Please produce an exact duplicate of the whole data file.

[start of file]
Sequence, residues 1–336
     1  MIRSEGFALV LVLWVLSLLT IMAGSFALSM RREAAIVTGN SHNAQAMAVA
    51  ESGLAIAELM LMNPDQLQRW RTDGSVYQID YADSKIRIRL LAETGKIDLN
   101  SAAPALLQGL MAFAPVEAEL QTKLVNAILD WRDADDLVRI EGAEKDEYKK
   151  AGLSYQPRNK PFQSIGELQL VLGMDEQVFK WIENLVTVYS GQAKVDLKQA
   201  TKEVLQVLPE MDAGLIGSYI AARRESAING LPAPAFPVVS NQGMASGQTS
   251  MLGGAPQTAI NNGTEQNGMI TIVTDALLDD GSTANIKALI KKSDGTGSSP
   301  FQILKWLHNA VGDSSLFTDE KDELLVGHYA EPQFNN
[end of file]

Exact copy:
Sequence, residues 1–336
     1  MIRSEGFALV LVLWVLSLLT IMAGSFALSM RREAAIVTGN SHNAQAMAVA
    51  ESGLAIAELM LMNPDQLQRW RTDGSVYQID YADSKIRIRL LAETGKIDLN
   101  SAAPALLQGL MAFAPVEAEL QTKLVNAILD WRDADDLVRI EGAEKDEYKK
   151  AGLSYQPRNK PFQSIGELQL VLGMDEQVFK WIENLVTVYS GQAKVDLKQA
   201  TKEVLQVLPE MDAGLIGSYI AARRESAING LPAPAFPVVS NQGMASGQTS
   251  MLGGAPQTAI NNGTEQNGMI TIVTDALLDD GSTANIKALI KKSDGTGSSP
   301  FQILKWLHNA VGDSSLFTDE KDELLVGHYA EPQFNN